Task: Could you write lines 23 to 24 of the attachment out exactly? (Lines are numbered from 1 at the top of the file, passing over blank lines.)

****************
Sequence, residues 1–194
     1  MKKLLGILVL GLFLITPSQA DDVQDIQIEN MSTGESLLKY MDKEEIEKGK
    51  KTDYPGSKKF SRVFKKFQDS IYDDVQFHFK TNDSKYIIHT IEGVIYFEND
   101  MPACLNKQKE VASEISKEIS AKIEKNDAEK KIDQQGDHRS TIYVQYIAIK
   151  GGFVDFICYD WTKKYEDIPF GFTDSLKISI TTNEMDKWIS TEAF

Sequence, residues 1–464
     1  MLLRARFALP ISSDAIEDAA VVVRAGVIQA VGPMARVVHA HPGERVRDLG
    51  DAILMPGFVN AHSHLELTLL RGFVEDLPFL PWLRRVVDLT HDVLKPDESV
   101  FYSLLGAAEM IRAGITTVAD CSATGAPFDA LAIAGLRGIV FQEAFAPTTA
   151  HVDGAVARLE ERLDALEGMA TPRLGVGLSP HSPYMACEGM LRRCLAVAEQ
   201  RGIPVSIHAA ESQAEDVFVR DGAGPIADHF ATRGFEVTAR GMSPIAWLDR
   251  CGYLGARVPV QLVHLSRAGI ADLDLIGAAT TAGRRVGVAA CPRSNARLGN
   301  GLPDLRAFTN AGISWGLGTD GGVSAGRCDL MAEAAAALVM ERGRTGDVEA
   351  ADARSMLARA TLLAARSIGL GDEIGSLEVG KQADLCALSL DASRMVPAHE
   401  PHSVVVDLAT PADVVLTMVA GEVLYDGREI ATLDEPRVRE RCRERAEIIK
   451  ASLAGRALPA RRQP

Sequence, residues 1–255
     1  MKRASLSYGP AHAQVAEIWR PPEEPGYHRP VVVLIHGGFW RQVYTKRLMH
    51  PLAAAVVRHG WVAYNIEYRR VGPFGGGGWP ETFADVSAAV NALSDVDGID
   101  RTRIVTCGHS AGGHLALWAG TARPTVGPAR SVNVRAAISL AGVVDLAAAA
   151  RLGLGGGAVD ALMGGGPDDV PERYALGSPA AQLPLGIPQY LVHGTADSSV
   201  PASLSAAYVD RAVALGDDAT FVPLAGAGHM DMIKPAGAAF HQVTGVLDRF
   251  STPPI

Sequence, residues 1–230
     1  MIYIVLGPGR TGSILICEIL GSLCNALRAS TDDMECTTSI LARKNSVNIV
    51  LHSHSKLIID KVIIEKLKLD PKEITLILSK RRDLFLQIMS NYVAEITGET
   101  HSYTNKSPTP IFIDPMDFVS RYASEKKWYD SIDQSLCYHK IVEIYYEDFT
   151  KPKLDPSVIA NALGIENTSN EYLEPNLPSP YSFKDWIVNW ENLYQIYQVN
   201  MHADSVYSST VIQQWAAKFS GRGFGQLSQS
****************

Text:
   251  STPPI

Sequence, residues 1–230